Anti-Indian propaganda intensifies in Sri Lanka after UN vote
20 April 2012
Since India voted in favour of a US-sponsored resolution on Sri Lankan human rights abuses at the United Nations Human Rights Council (UNHRC) last month, sections of the political and media establishment in Colombo have initiated a campaign of anti-Indian propaganda.
The UNHRC resolution made the very limited demand of the Sri Lankan government that it implement the recommendations of its own Lessons Learnt and Reconciliation Commission (LLRC). The LLRC report was a whitewash of the atrocities carried out by the military in the final months of the civil war against the separatist Liberation Tigers of Tamil Eelam (LTTE) in 2009 during which tens of thousands of civilians were killed.
The Colombo government is hostile to any investigation into the war crimes and human rights abuses for which it is responsible. It has denounced the UNHRC resolution as part of a foreign conspiracy against the country. Now an anti-Indian slant has been added to this xenophobic campaign despite New Delhi’s attempts to play down the significance of its vote.
India’s support for the resolution marked a shift. In 2009, it opposed a motion that demanded a limited international investigation into Sri Lankan human right violations. India supported last month’s resolution not out of concern for the rights of the Tamil minority in Sri Lanka, but to appease popular anger over the abuses in the southern Indian state of Tamil Nadu.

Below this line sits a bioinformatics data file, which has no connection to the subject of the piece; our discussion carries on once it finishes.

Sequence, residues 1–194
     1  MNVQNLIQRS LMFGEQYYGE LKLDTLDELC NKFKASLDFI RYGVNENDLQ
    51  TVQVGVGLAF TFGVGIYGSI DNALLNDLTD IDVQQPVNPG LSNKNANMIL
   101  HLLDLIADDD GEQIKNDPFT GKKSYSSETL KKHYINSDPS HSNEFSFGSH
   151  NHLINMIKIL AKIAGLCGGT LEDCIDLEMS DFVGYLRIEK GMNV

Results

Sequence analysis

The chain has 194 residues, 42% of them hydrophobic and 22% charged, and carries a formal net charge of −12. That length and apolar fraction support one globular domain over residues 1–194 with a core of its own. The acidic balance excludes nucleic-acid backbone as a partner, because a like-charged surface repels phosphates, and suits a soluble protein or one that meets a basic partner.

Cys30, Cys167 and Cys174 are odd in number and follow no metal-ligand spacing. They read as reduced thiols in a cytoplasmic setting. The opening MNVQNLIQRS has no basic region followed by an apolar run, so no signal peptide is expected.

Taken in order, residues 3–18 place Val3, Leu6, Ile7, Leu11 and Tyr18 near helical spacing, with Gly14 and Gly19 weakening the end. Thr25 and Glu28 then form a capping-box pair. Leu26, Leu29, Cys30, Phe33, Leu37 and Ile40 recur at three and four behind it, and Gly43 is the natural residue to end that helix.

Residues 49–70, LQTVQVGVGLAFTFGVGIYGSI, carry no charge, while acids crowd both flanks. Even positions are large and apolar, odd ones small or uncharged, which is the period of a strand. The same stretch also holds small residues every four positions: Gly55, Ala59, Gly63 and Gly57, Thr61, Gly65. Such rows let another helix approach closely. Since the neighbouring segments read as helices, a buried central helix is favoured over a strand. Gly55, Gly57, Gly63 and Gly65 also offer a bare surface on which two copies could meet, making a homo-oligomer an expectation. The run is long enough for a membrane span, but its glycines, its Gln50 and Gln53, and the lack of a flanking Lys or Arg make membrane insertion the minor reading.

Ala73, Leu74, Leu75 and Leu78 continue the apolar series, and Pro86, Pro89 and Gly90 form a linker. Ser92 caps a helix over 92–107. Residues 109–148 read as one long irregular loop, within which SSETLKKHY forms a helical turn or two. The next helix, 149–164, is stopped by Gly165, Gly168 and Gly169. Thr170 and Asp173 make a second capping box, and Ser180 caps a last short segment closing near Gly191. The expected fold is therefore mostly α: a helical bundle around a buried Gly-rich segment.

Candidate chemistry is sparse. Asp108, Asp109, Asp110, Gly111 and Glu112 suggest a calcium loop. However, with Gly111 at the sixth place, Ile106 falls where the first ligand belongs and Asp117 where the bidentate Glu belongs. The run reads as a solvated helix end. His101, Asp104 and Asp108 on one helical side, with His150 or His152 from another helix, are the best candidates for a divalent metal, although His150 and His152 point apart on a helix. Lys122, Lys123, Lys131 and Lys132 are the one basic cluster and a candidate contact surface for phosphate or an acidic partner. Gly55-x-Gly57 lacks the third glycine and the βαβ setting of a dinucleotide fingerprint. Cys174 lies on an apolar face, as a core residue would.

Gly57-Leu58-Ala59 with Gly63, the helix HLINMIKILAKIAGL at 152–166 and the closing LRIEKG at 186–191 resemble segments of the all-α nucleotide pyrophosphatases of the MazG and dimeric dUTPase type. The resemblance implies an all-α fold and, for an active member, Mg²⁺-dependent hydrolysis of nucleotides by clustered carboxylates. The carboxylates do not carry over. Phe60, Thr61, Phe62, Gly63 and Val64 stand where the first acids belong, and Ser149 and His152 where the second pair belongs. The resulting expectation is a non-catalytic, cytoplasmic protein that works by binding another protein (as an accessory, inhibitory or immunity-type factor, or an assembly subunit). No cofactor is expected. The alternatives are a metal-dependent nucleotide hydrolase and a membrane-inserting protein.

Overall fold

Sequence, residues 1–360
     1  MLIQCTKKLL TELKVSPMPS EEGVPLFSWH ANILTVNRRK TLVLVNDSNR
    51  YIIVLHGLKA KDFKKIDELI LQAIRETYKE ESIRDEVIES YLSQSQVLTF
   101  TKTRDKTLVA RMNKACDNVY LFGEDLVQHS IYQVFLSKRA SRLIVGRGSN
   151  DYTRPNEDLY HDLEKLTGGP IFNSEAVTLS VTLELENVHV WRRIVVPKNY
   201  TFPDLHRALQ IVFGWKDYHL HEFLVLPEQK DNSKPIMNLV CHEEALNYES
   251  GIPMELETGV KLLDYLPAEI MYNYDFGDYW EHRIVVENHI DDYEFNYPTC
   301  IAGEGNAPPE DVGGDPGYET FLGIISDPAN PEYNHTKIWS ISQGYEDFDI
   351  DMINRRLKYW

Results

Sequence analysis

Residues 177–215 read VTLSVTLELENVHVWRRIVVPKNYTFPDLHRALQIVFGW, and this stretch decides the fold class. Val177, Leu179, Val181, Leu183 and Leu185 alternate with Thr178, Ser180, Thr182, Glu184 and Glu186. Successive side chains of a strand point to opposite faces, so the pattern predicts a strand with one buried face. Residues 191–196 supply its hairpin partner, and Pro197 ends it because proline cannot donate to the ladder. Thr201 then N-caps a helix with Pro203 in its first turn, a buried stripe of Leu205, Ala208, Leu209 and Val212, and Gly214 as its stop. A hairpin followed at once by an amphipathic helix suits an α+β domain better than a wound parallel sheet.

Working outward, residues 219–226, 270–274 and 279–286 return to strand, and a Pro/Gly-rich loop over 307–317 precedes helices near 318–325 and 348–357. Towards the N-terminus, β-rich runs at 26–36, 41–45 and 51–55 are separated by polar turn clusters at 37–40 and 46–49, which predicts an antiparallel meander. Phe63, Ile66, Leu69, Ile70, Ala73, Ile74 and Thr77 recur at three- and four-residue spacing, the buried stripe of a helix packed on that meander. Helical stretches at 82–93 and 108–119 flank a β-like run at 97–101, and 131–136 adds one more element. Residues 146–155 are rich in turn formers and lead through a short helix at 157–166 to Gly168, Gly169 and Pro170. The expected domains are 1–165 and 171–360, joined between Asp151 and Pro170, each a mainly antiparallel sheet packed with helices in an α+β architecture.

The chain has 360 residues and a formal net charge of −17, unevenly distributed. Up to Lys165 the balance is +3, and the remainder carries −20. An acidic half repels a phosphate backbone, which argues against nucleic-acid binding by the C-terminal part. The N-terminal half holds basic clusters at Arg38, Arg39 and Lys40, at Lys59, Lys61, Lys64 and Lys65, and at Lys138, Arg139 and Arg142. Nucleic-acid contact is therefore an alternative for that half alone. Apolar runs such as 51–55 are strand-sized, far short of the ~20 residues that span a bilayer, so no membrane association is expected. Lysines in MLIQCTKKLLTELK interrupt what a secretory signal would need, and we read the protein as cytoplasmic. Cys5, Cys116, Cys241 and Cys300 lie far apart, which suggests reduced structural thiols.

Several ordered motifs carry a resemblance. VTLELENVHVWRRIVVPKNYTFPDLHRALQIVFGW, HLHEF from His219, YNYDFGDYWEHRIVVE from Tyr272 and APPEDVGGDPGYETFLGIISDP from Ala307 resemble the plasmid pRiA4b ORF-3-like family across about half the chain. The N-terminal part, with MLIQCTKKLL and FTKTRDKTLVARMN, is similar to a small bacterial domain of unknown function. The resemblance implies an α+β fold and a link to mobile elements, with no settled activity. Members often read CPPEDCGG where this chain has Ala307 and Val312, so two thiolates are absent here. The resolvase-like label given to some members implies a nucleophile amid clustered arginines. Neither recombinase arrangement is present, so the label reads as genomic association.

In addition, like the US, the Indian government views the resolution as means for pressuring Sri Lankan President Mahinda Rajapakse to distance himself from China. The Indian ruling elites view China as a regional rival and have been strengthening ties in South Asia, as well as with Washington. The US is mounting an aggressive offensive throughout the Indo-Pacific region to combat Beijing’s influence.
Indian Prime Minister Manmohan Singh sought to mollify Rajapakse by sending him a letter arguing that New Delhi had intervened to soften the wording of the resolution in Sri Lanka’s favour. Despite Singh’s gesture, friction between the two governments has increased, with the Sri Lankan government under pressure from extreme Sinhala chauvinist tendencies to harden its attitude toward India.
External Affairs Minister G. L. Peiris told the Daily Mirror that India’s vote “came as a shock” to Sri Lanka and “did considerable damage.” He claimed that other countries voted for the resolution or abstained because of India’s stance. Nevertheless, Peiris said, the government would continue to engage with India.
Rajapakse himself has not directly attacked India. However, he has repeatedly declared that Sri Lanka would not bow to the dictates of any country and warned that those who voted for the resolution would have to face “consequence of terrorism.”
On April 3 and 4, the Sri Lankan parliament debated the UNHRC resolution. Petroleum Minister Susil Premajayantha hinted at retaliation against India. He criticised the leasing of the Trincomalee oil tank complex to the Indian-controlled Lanka-Indian Oil Company and blamed the previous United National Party-led government for the lease agreement.